On 4 June 2015, Jones stated on 2GB that:
“… I made this point on television the other night but with this Grantham inquiry in Queensland being all the talk in that part of the world.I was talking to someone who was on the Lockyer Council back in 1989. And he told me that if memory served him correctly, Wagners were never meant to have any over-burden left on the site – let alone used as a wall. This, of course, is the wall that the locals argued broke and the tsunami followed and people were dead.And my informant told me that either of two things have occurred: Wagners deliberately ignored the ruling that they were never meant to leave any overburden on the site, or some of the mates changed the rules. Either way, it starts to explain why people are running for cover. And why in fact there may have been a cover up.”
On 16 June 2015, Jones stated on 2GB that:
“So how many sweetheart deals are this mob worried about that will be unearthed by the Grantham Inquiry? Mr Sofronoff will be examining everything. Might it extend to the Wagner Airport, and how they were given the airspace over Oakey for nothing – national air space? I’m telling you they’re all in this, and there’s Federal money. And who is picking over the Federal money to look after themselves? There was a conference in Canberra yesterday, big money being talked, big gifts, big money to hand out. Who’s going to get it? As was said at Beef Week we need to cover each other’s backs, you look after us and we’ll look after you. Well I for one will be watching closely where this Federal Government money goes. Does Mr Wagner have his hand out again? Mr Truss yesterday in Canberra was talking about planned beef roads and dams; who’s going to build them? Where’s the money going to go? Is that what was meant by we need to cover each other’s backs, you look after us and we’ll look after you? Well I’ve got news for all of them; whether in Canberra or not these sweetheart deals with Wagner or anybody else will be closely examined in the light of the Grantham Inquiry and they will be revealed. And if the boys are in on the deals then the deals and the boys will be made public.”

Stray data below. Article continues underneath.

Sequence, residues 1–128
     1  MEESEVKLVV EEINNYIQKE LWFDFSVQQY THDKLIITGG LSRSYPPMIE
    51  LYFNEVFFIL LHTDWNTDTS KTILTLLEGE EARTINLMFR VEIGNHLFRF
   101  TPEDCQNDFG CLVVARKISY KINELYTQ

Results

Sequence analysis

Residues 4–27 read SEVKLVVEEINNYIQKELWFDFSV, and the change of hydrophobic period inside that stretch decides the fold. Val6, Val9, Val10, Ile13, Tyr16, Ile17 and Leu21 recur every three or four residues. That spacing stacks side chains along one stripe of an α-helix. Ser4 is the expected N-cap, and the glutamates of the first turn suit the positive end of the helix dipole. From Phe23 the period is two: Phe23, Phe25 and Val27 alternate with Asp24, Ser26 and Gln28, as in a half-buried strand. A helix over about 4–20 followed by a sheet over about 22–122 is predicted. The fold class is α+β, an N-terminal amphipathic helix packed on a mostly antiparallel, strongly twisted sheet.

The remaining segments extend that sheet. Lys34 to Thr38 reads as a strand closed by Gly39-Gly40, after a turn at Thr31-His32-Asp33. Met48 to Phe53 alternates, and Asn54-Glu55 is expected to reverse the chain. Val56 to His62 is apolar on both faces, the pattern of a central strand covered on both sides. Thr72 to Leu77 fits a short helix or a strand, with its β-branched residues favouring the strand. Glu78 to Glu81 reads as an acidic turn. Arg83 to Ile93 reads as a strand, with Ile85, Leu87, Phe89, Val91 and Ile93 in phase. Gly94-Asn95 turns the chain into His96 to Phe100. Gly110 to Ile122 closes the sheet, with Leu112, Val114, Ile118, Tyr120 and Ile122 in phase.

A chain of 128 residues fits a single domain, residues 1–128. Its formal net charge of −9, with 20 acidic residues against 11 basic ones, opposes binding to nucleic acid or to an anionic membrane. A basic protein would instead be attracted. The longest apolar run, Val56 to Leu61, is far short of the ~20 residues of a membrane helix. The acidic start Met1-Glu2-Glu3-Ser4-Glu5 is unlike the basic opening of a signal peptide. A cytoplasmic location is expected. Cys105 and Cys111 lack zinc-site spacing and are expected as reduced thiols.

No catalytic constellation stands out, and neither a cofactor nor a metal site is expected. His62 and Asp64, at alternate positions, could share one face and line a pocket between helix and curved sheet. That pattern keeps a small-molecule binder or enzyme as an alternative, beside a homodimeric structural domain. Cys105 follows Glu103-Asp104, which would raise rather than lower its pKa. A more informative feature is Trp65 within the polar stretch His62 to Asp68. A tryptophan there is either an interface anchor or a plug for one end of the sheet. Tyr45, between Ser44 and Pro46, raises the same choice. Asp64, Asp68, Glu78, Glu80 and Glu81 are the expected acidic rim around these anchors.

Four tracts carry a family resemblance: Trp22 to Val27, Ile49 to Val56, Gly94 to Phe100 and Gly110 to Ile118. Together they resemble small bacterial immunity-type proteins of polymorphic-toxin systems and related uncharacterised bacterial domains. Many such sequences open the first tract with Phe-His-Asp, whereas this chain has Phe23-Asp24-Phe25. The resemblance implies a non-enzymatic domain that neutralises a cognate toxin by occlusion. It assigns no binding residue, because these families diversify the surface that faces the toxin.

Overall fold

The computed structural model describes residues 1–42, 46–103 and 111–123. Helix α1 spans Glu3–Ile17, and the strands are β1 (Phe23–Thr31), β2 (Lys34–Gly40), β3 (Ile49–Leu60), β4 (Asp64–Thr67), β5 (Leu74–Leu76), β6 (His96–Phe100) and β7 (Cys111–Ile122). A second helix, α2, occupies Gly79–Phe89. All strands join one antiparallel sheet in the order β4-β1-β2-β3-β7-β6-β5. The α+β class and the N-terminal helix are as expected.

On 22 June 2015, Jones stated on 2GB that:
“Just on the Grantham inquiry, I won’t go into detail of the unspeakable cover ups that have occurred in relation to the tragedies of 2011… all withheld evidence. I mean you’ve started with Golder Associates undertaking this geotechnical work on the Wagner quarry. Interesting the geotechnical investigation has the full cooperation of Boral to whom Wagner sold the quarry in a hurry after the flood, so it will be interesting…”